The high levels of humidity have been tough here the last couple of days. This will again be the case coming up on Wednesday & Thursday. That means there is plenty of moisture in the air. This is one of the key ingredients in storm development. There are three and here they are...
There are three ingredients that must be present for a thunderstorm to occur. They are moisture, instability and lift.
As a general rule, the surface dewpoint needs to be 55 degrees of greater for a surface based thunderstorm to occur. A dewpoint of less than this is unfavorable for thunderstorms. Dewpoints at the surface can be less than 55 degrees in the case of "elevated thunderstorms" (I'll explain later)
Instability also decreases as low-level moisture decreases. Instability occurs when air is warmer than the environmental air and rises on its own due to positive buoyancy. Instability is often expressed using positive CAPE or negative LI values. Instability is what allows air in the low levels of the atmosphere to rise into the upper levels of the atmosphere. Without instability, the atmosphere will not support deep convection and thunderstorms. Instability can be increased through daytime heating. Lift is what gives a parcel of air the impetus to rise from the low levels of the atmosphere to the elevation where positive buoyancy is realized. Very often, instability will exist in the middle and upper levels of the troposphere but not in the lower troposphere. Low level stability is often referred to as negative CAPE, convective inhibition, or the cap.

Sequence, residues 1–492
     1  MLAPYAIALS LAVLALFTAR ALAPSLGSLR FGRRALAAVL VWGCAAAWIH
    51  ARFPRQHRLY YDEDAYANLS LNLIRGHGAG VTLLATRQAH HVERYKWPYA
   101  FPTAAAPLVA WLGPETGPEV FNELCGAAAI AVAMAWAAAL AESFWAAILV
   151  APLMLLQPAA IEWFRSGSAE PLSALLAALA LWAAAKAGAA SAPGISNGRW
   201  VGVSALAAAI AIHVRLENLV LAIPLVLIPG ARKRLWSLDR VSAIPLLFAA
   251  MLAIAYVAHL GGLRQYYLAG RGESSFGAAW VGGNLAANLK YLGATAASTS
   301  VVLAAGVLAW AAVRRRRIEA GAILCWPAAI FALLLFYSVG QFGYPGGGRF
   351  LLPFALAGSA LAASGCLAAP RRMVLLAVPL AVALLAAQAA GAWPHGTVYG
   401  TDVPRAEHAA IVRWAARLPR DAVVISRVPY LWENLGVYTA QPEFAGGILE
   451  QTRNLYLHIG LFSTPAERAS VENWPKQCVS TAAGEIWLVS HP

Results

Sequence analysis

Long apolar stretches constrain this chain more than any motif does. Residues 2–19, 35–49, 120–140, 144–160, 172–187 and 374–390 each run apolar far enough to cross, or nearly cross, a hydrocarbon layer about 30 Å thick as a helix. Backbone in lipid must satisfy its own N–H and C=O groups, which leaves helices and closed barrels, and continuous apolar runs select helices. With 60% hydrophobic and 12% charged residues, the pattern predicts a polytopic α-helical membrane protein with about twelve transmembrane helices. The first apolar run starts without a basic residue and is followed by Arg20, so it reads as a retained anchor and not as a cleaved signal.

It is lift that allows air in the low levels of the atmosphere to overcome low level convective inhibition. Lift is often referred to as a "trigger mechanism". There are many lift mechanisms. A list of many of them follows: fronts, low level convergence, low level WAA, low level moisture advection, mesoscale convergence boundaries such as outflow and sea breeze boundaries, orographic upslope, frictional convergence, vorticity, and the jet streak. All these processes force the air to rise. The region that has the greatest combination of these lift mechanisms is often the location that storms first develop. Moisture and instability must also be considered. A thunderstorm will form first and develop toward the region that has the best combination of: high PBL moisture, low convective inhibition, CAPE and lifting mechanisms.
The difference between a thunderstorm and a severe thunderstorm is the wind field. For a severe thunderstorm, the ingredients that must be present are moisture, instability, lift and strong speed and directional storm relative wind shear. Ideally, wind will have a veering directional change of 60 degrees or more from the surface to 700 millibars, upper level winds will be greater than 70 mph, and the 850 to 700 mb winds (low level jet) will be 25 mph or greater. Wind shear aids in the following: Tilting a storm (displacing updraft from downdraft), allows the updraft to sustain itself for a longer period of time, allows the development of a mesocyclone, and allows rotating air to be ingested into the updraft (tornadogenesis).
Severe storms also tend to have these characteristics over ordinary thunderstorms: higher CAPE, drier air in the middle levels of the atmosphere (convective instability), better moisture convergence, baroclinic atmosphere, and more powerful lift.
The set-up is here and will be here for a couple of days to see some of those severe storms in our region.
This graphic will update automatically, but I will give you the outlook for Weds & Thurs
The Wednesday severe weather outlook.
So what I am expecting on either of these days will include the possibility of some strong winds in excess of 60 mph or some pretty large hail. There have been several storms rotating and hinting that there could be tornadic development in states to our west. But will there be any of that here? The liklihood is low, but I wouldn't rule it out completely!
Just stay with us and we'll keep you up-to-date
(Some information provided by theweatherprediction.com)